Leave it to Big Pharma to take a bad situation and make it a thousand times worse.
Around 40 percent of those with Parkinson’s disease are said to suffer from hallucinations and delusions. So, enter Nuplazid, a drug that was recently approved to lessen “Parkinson’s psychosis.”
But here’s the trouble: It doesn’t work. And that may be the least of it, because the FDA has compiled a list of over 700 people who died while on it. And in 500 of those deaths, Nuplazid is the only “suspect” medication those patients were taking.
Giving the green light to Nuplazid represents the worst of the worst when it comes to the slipshod, fast-track drug review process that the FDA conducts.
And despite the current “safety” review that the agency claims to be doing, this med is still being prescribed as if it were some magic potion and as safe as a lollipop.
Knowing the Nuplazid story is something that all caregivers for Parkinson’s patients urgently need to be aware of.
And even if this terrible disease hasn’t hit someone in your immediate family, please share this very important eAlert with your friends and relatives. It could well mean the difference between life and death.
Talk about delusional!
Nuplazid was given the go-ahead despite so many red flags that it’s almost unbelievable that the drug’s manufacturer, the San Diego company Acadia, had the gall to present it to the FDA in the first place.
For starters, Acadia had been trying to find a use for this med, known generically as “pimavanserin,” for over a decade. Back in 2005, it even conducted a trial on patients suffering from schizophrenia, which must have turned out to be a complete dud, as the results were kept a deep, dark secret.
Then, the drugmaker set its sights on Parkinson’s patients.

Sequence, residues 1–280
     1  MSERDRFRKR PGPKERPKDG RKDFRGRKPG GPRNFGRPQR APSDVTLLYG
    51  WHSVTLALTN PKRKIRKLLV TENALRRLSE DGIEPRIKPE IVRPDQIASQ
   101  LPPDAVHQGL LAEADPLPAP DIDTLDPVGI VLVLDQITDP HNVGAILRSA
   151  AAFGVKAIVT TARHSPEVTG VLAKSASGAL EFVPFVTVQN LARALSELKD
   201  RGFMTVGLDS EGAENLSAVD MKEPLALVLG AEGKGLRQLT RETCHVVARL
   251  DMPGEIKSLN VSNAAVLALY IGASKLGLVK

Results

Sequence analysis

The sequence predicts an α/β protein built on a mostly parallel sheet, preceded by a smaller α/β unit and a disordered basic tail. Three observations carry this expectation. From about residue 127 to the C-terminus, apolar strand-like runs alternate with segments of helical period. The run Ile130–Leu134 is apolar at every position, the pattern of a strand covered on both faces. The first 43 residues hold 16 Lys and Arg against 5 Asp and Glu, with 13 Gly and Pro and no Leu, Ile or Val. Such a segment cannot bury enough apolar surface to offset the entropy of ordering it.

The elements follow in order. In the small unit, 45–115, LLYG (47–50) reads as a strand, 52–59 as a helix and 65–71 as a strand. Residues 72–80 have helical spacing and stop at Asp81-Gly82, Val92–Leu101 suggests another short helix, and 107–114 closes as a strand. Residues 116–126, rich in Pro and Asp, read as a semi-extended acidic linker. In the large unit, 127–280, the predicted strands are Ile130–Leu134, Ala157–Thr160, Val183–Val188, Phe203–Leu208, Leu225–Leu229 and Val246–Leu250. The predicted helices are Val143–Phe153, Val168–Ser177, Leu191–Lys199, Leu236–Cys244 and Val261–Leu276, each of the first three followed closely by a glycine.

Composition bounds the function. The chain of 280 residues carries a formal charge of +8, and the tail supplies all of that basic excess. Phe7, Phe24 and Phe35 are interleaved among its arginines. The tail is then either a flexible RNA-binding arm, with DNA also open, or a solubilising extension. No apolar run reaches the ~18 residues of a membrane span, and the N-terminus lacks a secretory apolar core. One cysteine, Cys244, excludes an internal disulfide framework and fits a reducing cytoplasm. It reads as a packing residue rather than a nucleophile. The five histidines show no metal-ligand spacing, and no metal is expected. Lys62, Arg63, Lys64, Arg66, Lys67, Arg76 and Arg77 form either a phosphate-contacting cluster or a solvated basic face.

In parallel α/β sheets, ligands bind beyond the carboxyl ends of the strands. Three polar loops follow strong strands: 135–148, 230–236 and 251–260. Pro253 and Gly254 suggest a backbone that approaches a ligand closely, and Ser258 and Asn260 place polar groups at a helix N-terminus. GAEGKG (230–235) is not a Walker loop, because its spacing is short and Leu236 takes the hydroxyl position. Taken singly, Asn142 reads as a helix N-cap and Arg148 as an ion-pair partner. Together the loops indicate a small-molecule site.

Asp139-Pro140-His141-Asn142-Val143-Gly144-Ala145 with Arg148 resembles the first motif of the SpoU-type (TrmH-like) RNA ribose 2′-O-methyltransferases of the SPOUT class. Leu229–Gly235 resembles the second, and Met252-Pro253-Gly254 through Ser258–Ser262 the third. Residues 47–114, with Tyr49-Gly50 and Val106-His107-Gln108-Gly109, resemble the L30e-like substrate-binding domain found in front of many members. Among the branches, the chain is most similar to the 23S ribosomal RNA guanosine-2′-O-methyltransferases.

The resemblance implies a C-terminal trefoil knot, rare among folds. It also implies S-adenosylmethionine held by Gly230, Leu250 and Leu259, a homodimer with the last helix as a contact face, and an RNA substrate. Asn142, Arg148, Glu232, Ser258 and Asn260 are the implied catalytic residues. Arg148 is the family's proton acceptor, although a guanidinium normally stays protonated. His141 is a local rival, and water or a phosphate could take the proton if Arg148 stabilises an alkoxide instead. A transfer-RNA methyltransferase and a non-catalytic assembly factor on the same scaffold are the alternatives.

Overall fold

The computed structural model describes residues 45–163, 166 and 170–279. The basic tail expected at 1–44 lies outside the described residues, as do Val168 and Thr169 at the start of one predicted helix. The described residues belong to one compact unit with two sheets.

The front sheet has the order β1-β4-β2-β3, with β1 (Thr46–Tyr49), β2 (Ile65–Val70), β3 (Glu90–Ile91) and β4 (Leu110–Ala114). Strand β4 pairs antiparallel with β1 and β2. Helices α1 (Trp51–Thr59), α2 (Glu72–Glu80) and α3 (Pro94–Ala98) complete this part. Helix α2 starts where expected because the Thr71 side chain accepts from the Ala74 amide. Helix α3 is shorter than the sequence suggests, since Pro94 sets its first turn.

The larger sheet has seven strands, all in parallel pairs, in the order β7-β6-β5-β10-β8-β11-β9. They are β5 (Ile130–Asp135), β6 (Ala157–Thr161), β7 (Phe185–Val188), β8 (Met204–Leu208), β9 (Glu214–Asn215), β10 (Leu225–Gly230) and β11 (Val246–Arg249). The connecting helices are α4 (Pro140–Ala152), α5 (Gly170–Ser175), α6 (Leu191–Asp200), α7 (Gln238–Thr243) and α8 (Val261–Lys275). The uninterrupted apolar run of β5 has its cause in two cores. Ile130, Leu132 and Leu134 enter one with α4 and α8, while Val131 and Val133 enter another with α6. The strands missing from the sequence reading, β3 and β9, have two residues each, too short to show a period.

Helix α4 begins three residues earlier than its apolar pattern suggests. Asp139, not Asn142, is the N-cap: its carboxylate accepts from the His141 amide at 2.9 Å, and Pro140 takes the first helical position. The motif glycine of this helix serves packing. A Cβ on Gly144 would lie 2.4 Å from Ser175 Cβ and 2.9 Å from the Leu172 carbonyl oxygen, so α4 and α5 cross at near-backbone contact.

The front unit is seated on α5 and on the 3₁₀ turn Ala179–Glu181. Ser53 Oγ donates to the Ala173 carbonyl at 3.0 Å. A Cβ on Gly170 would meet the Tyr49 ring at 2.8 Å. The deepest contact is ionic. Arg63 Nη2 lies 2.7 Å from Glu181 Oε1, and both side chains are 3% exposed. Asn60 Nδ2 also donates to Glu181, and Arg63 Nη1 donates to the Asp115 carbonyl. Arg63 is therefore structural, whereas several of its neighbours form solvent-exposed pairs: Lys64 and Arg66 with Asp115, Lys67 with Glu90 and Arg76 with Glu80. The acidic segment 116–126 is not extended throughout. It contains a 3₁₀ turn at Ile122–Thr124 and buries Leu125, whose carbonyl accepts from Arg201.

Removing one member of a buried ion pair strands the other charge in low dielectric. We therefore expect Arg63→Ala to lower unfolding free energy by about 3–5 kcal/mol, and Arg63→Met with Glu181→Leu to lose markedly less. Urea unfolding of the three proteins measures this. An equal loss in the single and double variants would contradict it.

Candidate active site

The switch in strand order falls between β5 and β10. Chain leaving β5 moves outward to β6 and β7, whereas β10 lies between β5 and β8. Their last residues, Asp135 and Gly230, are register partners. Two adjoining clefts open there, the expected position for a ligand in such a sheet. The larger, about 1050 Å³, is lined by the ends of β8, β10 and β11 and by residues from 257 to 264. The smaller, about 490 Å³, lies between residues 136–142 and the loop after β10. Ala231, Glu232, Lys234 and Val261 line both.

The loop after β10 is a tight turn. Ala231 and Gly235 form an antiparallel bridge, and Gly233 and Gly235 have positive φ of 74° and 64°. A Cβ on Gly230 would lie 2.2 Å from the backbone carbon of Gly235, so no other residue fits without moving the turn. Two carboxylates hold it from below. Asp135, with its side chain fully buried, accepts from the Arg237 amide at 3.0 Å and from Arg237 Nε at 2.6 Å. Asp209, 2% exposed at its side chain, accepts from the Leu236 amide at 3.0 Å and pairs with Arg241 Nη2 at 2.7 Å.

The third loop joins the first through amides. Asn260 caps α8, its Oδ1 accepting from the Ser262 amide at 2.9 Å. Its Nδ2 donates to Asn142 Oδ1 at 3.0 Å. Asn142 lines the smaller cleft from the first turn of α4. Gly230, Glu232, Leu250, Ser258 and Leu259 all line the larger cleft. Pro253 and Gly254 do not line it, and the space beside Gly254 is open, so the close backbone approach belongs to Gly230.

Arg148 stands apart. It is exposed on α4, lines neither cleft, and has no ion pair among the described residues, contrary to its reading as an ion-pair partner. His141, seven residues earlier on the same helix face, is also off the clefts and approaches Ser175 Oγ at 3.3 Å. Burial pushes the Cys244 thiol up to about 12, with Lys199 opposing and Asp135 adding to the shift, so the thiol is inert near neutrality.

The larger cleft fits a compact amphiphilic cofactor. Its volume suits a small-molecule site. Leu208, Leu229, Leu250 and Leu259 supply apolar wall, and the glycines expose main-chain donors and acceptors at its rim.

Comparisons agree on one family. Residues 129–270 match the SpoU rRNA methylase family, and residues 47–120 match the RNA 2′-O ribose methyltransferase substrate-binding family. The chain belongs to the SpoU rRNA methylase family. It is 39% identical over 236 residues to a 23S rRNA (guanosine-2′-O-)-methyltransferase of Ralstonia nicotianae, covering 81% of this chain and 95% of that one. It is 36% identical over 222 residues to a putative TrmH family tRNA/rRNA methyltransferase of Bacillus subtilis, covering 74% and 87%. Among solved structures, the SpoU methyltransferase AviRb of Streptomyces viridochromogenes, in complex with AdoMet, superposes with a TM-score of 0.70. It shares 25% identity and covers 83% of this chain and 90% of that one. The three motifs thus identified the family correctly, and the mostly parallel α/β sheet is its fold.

For that, Acadia conducted three trials, none of which found any evidence that this med could do a thing to help those with Parkinson’s psychosis, which is characterized by hallucinations (seeing or hearing things that aren’t there) and delusions (believing things that aren’t true).
In fact, one of those trials was ended early due to “futility.” In other words, it was going so badly that there was no reason to even finish it!
There were also more than double the number of serious side effects and deaths in those taking Nuplazid versus a placebo.
So, instead of ditching this worthless and incredibly risky med, the drugmaker asked FDA officials if the agency would consider approving Nuplazid if it tried one more time to find any shred of benefit.
Surprise, surprise! Not only did the agency agree to that… but it gave Acadia a speed pass to zip through the FDA, saying that this drug deserved “breakthrough status.” On top of that, it lowered the bar for practically everything that was done during that trial, from how symptoms were measured to what “benefits” were considered acceptable.
In the end, it looks like when FDA officials gave Nuplazid their blessings less than two years ago, they were the ones believing things that weren’t true and seeing things that weren’t there.
Because the hundreds of reports of patients who have died while taking Nuplazid is, according to Diana Zuckerman of the National Center for Health Research, “almost unheard of” – especially for such a new drug.
And remember, since many of those reports are submitted voluntarily (only the drugmaker is required to tell the FDA about adverse reactions), they’re just the tip of this deadly iceberg.
Yet as I write this, the drugmaker is doing everything in its power to sell as much Nuplazid to Parkinson’s patients as it possibly can — from disguising scary drug ads as public service announcements to providing checklists about delusions and hallucinations for patients to print out and take to their doctors.
But it gets worse, because those at risk aren’t just Parkinson’s patients.
Unbelievably, Acadia is now looking at other applications for this drug, perhaps as a general antipsychotic or even specifically for those with Alzheimer’s!
And regardless of what it finds, as it stands now, any doctor can prescribe this med off label for any condition whatsoever.
That’s why we need to do everything we can to stop them.
And you can do that by making sure anyone you know who’s caring for a patient with Parkinson’s is warned about Nuplazid.
Whatever the FDA decides to do when it completes its so-called safety review probably won’t be worth a wooden nickel. So, it’s up to us to step up to the plate and sound the alarm as loud as we can.
“FDA re-examines safety of controversial new drug” Blake Ellis and Melanie Hicken, April 25, 2018, CNN, cnn.com